5. Now there can be no doubt that the acceptance of this view of the law would lead to serious anomalies. Take the case of an estate paying a peishcush of Rs. 2,000, which is enjoyed in two equal moieties by A and B. The Collector would have to decide whether A was more competent than B and the result would be that the more competent man who was recognized as the landholder would not. be an agriculturist, while the less competent man, though owning a portion of an estate paying a peishcush of Rs. 1,000, would be entitled to the benefits of Act IV of 1938 as an agriculturist, though it appears to have been intended that he should not be so entitled. In fact the result of this interpretation of Proviso D would be practically to nullify the exclusion from the category of agriculturists of landholders of a share or portion of an estate paying a peishcush exceeding Rs. 500.
6. At the same time there are serious difficulties in interpreting the word 'landholder' in this proviso in accordance with its dictionary sense as a proprietor or owner and without regard to the definition in the Madras Estates Land Act. The word 'landholder' is used in Sections 3(a)(ii), 3(iv), 15, 16 and 17 of Act IV of 1938 and in each of these sections it appears to be used in its technical sense as a landholder under the Estates Land Act. Moreover in Proviso D to Section 3(ii), though the words 'under the Madras Estates Land Act,' appear grammatically to qualify 'estate' rather than 'landholder' the whole phrase seems to have reference to that Act and it is to be presumed that the legislature had in mind the definition of the term 'landholder' in that Act rather than the dictionary meaning of the word.
7. The solution of the difficulty seems to us to lie in a more careful reading of the second clause of Section 3(5) of the Estates Land Act. This clause seems to contemplate two classes of dispute. One is a dispute between two or more persons as to which of them is the landholder for all or any of the purposes of the Act, that is to say a dispute regarding title. The other is a dispute between two persons who are admittedly joint landholders as to which of them is entitled to proceed and be dealt with as the landholder, that is to say, it is a dispute not regarding title but. regarding the right of management. In the latter class of cases, the proper order to be passed by the Collector is not one recognizing the successful party as the landholder for all purposes under the Act, but one recognizing him as entitled to proceed and be dealt with as the landholder. When such an order is passed, though the successful party would be solely entitled to conduct proceedings and to perform the functions of the landholder so long as the order is in force, it would not have the effect of taking the joint proprietor out of the definition of 'landholder' in the first clause of the sub-section. It is true that the Collector's order in the present case purported to recognize the respondent as the landholder for all purposes under the Act, but this order can have no larger effect than the recognition which the Collector was empowered to make.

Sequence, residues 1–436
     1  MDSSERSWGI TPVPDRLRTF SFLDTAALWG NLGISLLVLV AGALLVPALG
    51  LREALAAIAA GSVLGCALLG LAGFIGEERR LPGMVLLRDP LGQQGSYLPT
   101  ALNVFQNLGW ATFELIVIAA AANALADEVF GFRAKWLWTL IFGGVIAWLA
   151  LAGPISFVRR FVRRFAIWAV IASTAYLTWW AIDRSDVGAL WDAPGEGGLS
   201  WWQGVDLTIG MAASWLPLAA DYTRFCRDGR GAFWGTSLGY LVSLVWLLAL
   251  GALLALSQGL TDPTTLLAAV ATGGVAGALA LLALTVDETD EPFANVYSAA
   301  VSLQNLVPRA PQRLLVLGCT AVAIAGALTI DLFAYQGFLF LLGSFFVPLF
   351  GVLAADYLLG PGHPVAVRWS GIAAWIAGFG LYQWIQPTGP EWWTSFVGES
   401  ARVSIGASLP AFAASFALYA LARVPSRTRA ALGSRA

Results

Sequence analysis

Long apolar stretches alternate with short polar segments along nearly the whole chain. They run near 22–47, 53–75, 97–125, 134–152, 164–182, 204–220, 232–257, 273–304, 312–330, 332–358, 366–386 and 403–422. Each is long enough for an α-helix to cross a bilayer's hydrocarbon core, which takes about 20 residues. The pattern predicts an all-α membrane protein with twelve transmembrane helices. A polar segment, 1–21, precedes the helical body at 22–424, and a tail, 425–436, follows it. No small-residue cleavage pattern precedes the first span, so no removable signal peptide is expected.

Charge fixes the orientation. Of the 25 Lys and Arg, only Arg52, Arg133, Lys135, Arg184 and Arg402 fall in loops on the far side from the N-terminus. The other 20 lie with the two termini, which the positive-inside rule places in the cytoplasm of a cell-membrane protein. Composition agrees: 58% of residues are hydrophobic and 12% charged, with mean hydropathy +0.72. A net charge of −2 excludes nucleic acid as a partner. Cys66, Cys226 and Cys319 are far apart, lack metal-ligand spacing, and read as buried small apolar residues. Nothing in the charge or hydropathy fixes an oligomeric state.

8. It follows that, notwithstanding the recognition of the respondent as the landholder, the petitioner as owner of the estate must also be deemed to be a landholder within the definition in Section 3(5) of the Madras Estates Land Act. He is here-fore not an agriculturist under Act IV of 1938. The petition is therefore dismissed with costs.